And as with Cary Grant, Liam Neeson creates his own reality – Neesonworld. In Neesonworld, Michael gets rape-sprayed in the face at one point by a young woman he’s just chased up the train and in his next breath (amazingly he can still take one) he’s offering her dating advice. In Neesonworld, even though this ordinary commuter leaves his carriage only to re-enter it minutes later all beaten up and bleeding, no one really comments or ever asks him, “Just WTF is going on?”

Vera Farmiga I’ve mentioned. Sam Neill, Patrick Wilson and Elizabeth McGovern also turn up – most of them for not much longer than their names shimmer in the opening and closing credits – to add a bit of ballast to the dénouement, which also doesn’t matter one iota but concerns skulduggery in high places.

It looks like everyone is still having a lot of fun making these – Collet-Serra throws in the bonus of a runaway-train finale just in case we aren’t having as much fun watching, and the screenwriters throw in an eye-roll reference to Spartacus (another innocent man) – but this run of films is clearly on its last knockings. Neeson even graciously admits to a little stiffness at the end – nothing a Badedas bath wouldn’t fix – having survived ordeals that would have killed ten normal men. He even smiles.

The Commuter – watch it/buy it at Amazon

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© Steve Morrissey 2020

Little Children

Kate Winslet in Little Children

A tale of American white-picket suburbia, disturbia perhaps, from director Todd Field, opening out a touch from In the Bedroom, whose focus was all there in the title. Our heroine, a Madame Bovary figure called Sarah (Kate Winslet), scandalises the harpies at the school gate by striking up a relationship with the only hot male on the school run (Patrick Wilson). Back home Sarah’s husband (Gregg Edelman) is big on internet porn, something Sarah doesn’t know till she catches him masturbating with a pair of panties on his face. But he’s small on most other things and so we sympathise with Sarah as she seeks solace in the arms of the hunky Brad. Brad, meanwhile, is also seeking comfort, away from judgment, because he’s screwed up his bar exams and his wife (Jennifer Connelly) is more successful than he is, though no less attractive. It’s a bitch eat dog sort of world.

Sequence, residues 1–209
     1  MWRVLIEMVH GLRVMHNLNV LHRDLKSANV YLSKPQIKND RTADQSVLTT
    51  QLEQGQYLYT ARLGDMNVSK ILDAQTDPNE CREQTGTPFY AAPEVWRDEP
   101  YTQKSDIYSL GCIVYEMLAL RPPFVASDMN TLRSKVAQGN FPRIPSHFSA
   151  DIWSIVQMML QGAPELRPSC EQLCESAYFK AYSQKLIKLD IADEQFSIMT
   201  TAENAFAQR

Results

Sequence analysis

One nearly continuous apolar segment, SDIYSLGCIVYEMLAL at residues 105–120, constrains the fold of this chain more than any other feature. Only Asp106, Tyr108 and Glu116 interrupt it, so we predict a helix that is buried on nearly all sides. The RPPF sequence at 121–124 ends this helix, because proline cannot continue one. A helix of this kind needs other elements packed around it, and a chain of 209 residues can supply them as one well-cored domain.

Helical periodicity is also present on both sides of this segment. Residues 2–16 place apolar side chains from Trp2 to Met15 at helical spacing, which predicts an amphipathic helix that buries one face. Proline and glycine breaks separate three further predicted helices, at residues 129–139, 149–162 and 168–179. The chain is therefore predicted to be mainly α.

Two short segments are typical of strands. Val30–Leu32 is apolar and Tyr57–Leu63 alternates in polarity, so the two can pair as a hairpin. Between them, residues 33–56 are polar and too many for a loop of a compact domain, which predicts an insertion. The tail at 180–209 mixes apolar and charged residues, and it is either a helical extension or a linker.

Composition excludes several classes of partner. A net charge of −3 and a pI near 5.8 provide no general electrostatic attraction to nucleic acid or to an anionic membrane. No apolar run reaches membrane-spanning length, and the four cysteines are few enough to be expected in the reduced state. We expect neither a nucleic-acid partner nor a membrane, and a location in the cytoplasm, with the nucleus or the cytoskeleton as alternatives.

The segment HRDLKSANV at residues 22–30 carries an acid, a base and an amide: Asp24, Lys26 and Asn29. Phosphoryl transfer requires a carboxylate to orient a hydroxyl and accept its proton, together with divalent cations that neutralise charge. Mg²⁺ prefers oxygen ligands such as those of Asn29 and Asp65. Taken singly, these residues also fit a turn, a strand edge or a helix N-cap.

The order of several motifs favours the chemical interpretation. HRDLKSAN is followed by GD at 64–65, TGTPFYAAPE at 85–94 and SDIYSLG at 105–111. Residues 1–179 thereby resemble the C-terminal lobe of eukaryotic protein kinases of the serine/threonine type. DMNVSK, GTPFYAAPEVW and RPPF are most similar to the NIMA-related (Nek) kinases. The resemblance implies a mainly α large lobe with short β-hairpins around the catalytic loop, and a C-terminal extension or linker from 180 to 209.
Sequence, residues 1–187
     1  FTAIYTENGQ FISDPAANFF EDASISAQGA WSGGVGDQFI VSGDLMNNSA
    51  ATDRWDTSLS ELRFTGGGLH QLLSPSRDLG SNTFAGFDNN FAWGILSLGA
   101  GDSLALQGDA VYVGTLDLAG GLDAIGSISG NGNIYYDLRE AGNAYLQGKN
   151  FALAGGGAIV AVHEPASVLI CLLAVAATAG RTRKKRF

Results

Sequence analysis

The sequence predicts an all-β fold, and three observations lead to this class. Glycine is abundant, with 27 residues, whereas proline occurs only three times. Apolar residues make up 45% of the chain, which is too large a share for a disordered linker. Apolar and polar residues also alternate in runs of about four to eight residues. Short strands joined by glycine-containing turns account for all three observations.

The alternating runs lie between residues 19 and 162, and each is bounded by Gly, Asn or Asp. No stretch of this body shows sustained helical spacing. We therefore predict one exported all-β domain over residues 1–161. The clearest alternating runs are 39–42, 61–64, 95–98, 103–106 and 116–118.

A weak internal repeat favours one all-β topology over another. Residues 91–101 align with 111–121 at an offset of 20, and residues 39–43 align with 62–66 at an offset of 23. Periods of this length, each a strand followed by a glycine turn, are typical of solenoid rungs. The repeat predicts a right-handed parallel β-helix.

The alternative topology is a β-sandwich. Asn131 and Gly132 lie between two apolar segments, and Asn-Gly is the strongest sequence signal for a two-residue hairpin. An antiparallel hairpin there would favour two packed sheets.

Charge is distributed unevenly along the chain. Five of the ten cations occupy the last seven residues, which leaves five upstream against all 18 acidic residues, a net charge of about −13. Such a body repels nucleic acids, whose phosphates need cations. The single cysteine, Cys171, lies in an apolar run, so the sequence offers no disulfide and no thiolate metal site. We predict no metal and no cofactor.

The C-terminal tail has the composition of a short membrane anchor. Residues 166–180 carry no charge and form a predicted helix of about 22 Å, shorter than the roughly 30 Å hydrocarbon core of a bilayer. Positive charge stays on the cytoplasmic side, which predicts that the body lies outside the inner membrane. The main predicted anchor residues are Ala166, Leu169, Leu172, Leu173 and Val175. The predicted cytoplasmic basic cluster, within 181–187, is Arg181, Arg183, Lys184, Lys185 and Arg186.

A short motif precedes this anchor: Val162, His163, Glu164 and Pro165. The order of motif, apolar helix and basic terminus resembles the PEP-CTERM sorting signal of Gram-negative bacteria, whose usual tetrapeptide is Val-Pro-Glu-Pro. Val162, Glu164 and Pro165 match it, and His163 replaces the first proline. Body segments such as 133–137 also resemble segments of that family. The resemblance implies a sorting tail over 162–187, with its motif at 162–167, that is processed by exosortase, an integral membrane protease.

Pretty, orderly lifestyles with discontent roiling underneath is a standard trope of the high-minded American film, whether it’s Robert Altman (Short Cuts), David Lynch (Blue Velvet) or Todd Solondz (Happiness). It’s the territory Field is working in too, possibly too self-consciously. Emblematic of the bad stuff is a paedophile (Jackie Earle Haley) newly released to the world, against whom the suburbanites are figuratively pulling the wagons into a circle and preparing to let loose all they’ve got, in a passive-aggressive don’t-mess-my-decor kind of way. In fact, as Field repeatedly shows us in long, leisurely panoramas taken in by the cool camera of Antonio Calvache, defence is the big pre-occupation, whether it’s against unsavoury predators or any loss in status, real or implied, with children a pivot – the proof of the suburban family’s moral perfection being its reproduction intact.